As of January 12, Mayor Michelle Wu and the City of Boston proclaimed that all tents and encampments in Newmarket Square—which has come to be known as "Mass and Cass," identifying the intersection of Massachusetts Avenue and Melnea Cass Boulevard—must come down. Estimates from Boston Medical Center and the Boston Public Health Commission show that at its peak this fall, approximately 323 individuals were sleeping on the streets in this area. And though that number declined (to 248 in late November), BMC experts were quick to note that this was more likely due to moving encampments rather than finding alternative housing options. Now, however—unlike prior attempts to displace the encampments of people experiencing homelessness—finding suitable housing and addiction treatment options is a key part of the removal strategy.
The colliding epidemics and pandemics of homelessness, opioid use disorder (OUD), and COVID-19—alongside upstream health issues and current and historic flaws in housing models—have led to this public health crisis at Mass and Cass.
Part of addressing this complex public health crisis is identifying the needs of the people who are experiencing homelessness. According to Miriam Komaromy, MD, the medical director for the Grayken Center for Addiction, the people sleeping at Mass and Cass are typically people with very high rates of substance use disorder and co-occurring mental health conditions, including psychotic disorders and "tremendous rates" of trauma.
Komaromy is helping to spearhead BMC's involvement in the City of Boston's action-oriented approach to addressing the complex crisis at Mass and Cass.
"BMC has a really strong interest in supporting the efforts at Mass and Cass, probably most importantly, because many of these folks who have been struggling on the street are our patients," Komaromy says. "This is our neighborhood. And we feel a major investment in the neighborhood and the area and the most marginalized populations in Boston. And arguably, this is ground zero for folks who are really struggling."
Obstacles to stable housing for people with addiction
There are numerous issues and roadblocks with existing treatment and housing models, according to Komaromy and Rob Koenig, BMC's executive director of Strategic Programs: housing in Boston can be restrictively expensive, the waitlist for Section 8 housing in the area is years long, and traditional shelter rules make it difficult for people with SUD to both enter and stay. Often, shelters restrict or ban the use of substances as a requirement for a stay, and people cannot come or go overnight—a combination that makes managing overnight withdrawal very difficult. These rules contribute to an environment in which people remain unsheltered and are unable to stabilize with regard to their substance use when they have such a difficult living environment.
"For example, people addicted to fentanyl may have to inject 10 or 12 times per day, including overnight, to avoid going into an excruciatingly painful withdrawal," Koenig explains. "Yet, you typically can't leave overnight from a shelter. So, battling addiction while being in the shelter system is a major challenge for some guests, despite efforts by shelter programs."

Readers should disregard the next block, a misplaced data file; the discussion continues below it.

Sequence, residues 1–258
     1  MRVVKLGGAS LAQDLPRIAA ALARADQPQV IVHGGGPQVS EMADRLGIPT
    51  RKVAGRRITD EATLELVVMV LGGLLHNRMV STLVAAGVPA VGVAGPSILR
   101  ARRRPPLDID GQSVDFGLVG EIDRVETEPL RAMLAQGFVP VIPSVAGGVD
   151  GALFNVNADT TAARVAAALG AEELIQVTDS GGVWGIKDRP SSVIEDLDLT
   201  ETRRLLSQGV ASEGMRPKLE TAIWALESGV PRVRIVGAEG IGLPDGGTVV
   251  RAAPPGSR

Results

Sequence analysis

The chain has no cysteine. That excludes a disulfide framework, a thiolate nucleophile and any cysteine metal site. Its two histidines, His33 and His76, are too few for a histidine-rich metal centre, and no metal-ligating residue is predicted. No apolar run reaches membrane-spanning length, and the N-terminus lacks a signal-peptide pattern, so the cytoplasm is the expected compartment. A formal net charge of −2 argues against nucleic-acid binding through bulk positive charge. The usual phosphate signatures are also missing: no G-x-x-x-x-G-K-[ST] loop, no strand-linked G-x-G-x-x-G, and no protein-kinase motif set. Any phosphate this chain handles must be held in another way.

According to Komaromy and Koenig's presentation given to members of the community and internally at BMC, the hospital is implementing one component of the city’s plan to address these problems with a low-threshold, clinically based approach to housing and addiction treatment that aims to overcome some of these obstacles. The approach, Koenig notes, is for not only the people currently being removed from the Mass and Cass encampments but, ideally, people experiencing homelessness across the city.
BMC, Roundhouse hotel, and addressing the Mass and Cass crisis
The plan—which has already begun—is to open two clinical programs as well as crisis housing, creating a three-pronged approach:
- Opening a transitional care center (TCC), also known as a bridge clinic
- Opening a stabilization care center (SCC)
- Opening low-threshold crisis housing beds
These initiatives function in conjunction or individually, depending on a person's needs.
The TCC operates as an urgent care center to treat SUD—including starting medications for addiction—managing withdrawal, and treating co-occurring issues, such as acute mental health symptoms and increased risk of HIV and hepatitis C.
The SCC will function as a sort of triage center for acute needs, so that clinicians can determine the best path for that person experiencing homelessness. It is intended to be short-stay, less than 24 hours, where people can be stabilized and observed if they come in with symptoms. For example, Komaromy explains, if a person comes in agitated, experts can determine if it's a result of withdrawal, mental health, or a stimulant, such as methamphetamine. That determination will set a course for care, whether in a mental health facility, hospital, or addiction treatment program, for example.
Both the transitional care and stabilization care centers will be co-located with the low-threshold housing program at the Roundhouse hotel at 891 Massachusetts Ave., which has already been accepting people into its approximately 60 beds. The Roundhouse hotel will operate as housing, but unlike traditional shelter options, it will provide stabilization services to support addiction recovery. Ultimately, people who find shelter at the Roundhouse hotel will be transitioned into permanent housing.
"It's a tremendously exciting opportunity for us to combine supportive housing with providing medical services that can help stabilize the folks who are in the housing. We hope to treat the conditions that have kept them down and prevented them from moving on to next phases of housing and care," says Komaromy.